Developed countries have made progress in reducing particulate air pollution in recent decades, but much remains to be done to further reduce this hazard. And the situation has gotten dramatically worse in many developing countries – most notably, China and India, which have industrialized faster and on vaster scales than ever seen before. According to the World Health Organization, more than 90 percent of the world’s children breathe air so polluted it threatens their health and development.
As environmental health specialists, we believe the problem of fine particulate air pollution deserves much more attention, including in the United States. New research is connecting PM2.5 exposure to an alarming array of health effects. At the same time, the Trump administration’s efforts to support the fossil fuel industry could increase these emissions when the goal should be further reducing them.
Where there’s smoke …
Particulate matter is produced mainly by burning things. In the United States, the majority of PM2.5 emissions come from industrial activities, motor vehicles, cooking and fuel combustion, often including wood. There is a similar suite of sources in developing countries, but often with more industrial production and more burning of solid fuels in homes.
Wildfires are also an important and growing source, and winds can transport wildfire emissions hundreds of miles from fire regions. In August 2018, environmental regulators in Michigan reported that fine particles from wildfires burning in California were impacting their state’s air quality.
Most deaths and many illnesses caused by particulate air pollution are cardiovascular – mainly heart attacks and strokes. Obviously, air pollution affects the lungs because it enters them as we breathe. But once PM enters the lungs, it causes an inflammatory response that sends signals throughout the body, much as a bacterial infection would. Additionally, the smallest particles and fragments of larger particles can leave the lungs and travel through the blood.
Emerging research continues to expand the boundaries of health impacts from PM2.5 exposure. To us, the most notable new concern is that it appears to affect brain development and has adverse cognitive impacts. The smallest particles can even travel directly from the nose into the brain via the olfactory nerve.
There is growing evidence that PM2.5, as well as even smaller particles called ultrafine particles, affect children’s central nervous systems. They also can accelerate the pace of cognitive decline in adults and increase the risk in susceptible adults of developing Alzheimer’s disease.
PM2.5 has received much of the research and policy attention in recent years, but other types of particles also raise concerns. Ultrafines are less studied than PM2.5 and are not yet considered in risk estimates or air pollution regulations. Coarse PM, which is larger and typically comes from physical processes like tire and brake wear, may also pose health risks.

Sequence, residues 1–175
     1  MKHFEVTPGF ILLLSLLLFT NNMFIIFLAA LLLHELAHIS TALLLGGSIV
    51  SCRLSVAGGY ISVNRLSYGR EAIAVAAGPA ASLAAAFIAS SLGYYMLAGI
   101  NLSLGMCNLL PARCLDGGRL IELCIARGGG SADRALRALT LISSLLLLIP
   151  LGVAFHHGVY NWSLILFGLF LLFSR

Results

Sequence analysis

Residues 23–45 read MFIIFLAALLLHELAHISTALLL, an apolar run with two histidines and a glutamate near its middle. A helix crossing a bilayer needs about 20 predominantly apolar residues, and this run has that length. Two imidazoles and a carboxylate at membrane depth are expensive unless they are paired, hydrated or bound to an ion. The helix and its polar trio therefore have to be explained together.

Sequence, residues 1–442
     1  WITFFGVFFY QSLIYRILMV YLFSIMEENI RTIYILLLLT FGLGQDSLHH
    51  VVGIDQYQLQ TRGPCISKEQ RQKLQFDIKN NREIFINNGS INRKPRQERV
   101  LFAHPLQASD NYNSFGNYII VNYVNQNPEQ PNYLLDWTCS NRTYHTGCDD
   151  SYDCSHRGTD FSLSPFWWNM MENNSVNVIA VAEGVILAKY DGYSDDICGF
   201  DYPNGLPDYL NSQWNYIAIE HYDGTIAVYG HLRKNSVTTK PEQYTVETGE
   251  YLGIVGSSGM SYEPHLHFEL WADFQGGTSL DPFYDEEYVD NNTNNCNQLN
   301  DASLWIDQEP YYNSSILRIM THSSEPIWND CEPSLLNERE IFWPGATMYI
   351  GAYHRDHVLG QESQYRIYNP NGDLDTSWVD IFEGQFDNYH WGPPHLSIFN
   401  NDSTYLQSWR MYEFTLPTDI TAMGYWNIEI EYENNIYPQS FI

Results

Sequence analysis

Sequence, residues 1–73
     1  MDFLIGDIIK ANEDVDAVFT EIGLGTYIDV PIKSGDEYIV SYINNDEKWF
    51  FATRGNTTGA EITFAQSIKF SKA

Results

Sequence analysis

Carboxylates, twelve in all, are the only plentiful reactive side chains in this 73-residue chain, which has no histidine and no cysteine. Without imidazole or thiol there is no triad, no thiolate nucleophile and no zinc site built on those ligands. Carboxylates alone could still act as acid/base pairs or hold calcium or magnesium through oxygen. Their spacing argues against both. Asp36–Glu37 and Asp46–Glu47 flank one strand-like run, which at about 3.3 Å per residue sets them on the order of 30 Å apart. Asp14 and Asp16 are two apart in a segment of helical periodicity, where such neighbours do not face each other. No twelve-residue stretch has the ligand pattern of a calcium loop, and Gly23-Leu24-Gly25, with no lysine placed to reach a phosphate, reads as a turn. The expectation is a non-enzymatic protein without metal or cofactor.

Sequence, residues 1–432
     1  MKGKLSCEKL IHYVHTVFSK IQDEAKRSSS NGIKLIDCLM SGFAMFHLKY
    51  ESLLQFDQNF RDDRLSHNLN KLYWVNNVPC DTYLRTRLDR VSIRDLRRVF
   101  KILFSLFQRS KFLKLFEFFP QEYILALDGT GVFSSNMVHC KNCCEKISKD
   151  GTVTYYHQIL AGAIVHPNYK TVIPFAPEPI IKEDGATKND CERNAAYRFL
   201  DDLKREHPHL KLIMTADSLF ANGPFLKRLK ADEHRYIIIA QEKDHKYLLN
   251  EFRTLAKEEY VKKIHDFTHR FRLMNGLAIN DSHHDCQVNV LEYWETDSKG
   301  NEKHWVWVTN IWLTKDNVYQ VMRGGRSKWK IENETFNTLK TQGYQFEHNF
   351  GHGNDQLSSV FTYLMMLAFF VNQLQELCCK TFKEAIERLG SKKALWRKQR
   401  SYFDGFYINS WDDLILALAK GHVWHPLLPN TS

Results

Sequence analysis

Regulatory push and pull
The progress that developed countries have made in addressing air pollution, especially PM, demonstrates that regulation works. Before the U.S. Environmental Protection Agency was established in 1970, air quality in Los Angeles, New York and other major U.S. cities bore a striking resemblance to Beijing and Delhi today. Increasingly stringent air pollution regulations enacted since then have protected public health and undoubtedly saved millions of lives.
But it wasn’t easy. The first regulatory limits on PM2.5 were proposed in the 1990s, after two important studies showed that it had major health impacts. But industry pushback was fierce, and included accusations that the science behind the studies was flawed or even fraudulent. Ultimately federal regulations were enacted, and follow-up studies and reanalysis confirmed the original findings.
Now the Trump administration is working to reduce the role of science in shaping air pollution policy and reverse regulatory decisions by the Obama administration. One new appointee to the EPA’s Science Advisory Board, Robert Phalen, a professor of medicine at the University of California, Irvine, is known for asserting that modern air is actually too clean for optimal health, even though the empirical evidence does not support this argument.
On Oct. 11, 2018, EPA Administrator Andrew Wheeler disbanded a critical air pollution science advisory group that dealt specifically with PM regulation. Critics called this an effort to limit the role that current scientific evidence plays in establishing national air quality standards that will protect public health with an adequate margin of safety, as required under the Clean Air Act.
Opponents of regulating PM2.5 in the 1990s at least acknowledged that science had a role to play, although they tried to discredit studies that supported the case for regulation. The new approach seems to be to try to cut scientific evidence out of the process entirely.
No time for complacency
In late October 2018, the World Health Organization convened a special conference on global air pollution and health. The agency’s heightened interest appears to be motivated by risk estimates that show air pollution to be a concern of similar magnitude to more traditional public health targets, such as diet and physical activity.
Conferees endorsed a goal of reducing global deaths from air pollution by two-thirds by 2030. This is a highly aspirational target, but it may focus renewed attention on strategies such as reducing economic barriers that make it hard to deploy pollution control technologies in developing countries.
In any case, past and current research clearly show that now is not the time to move away from regulating air pollution that arises largely from burning fossil fuels, in the United States or abroad.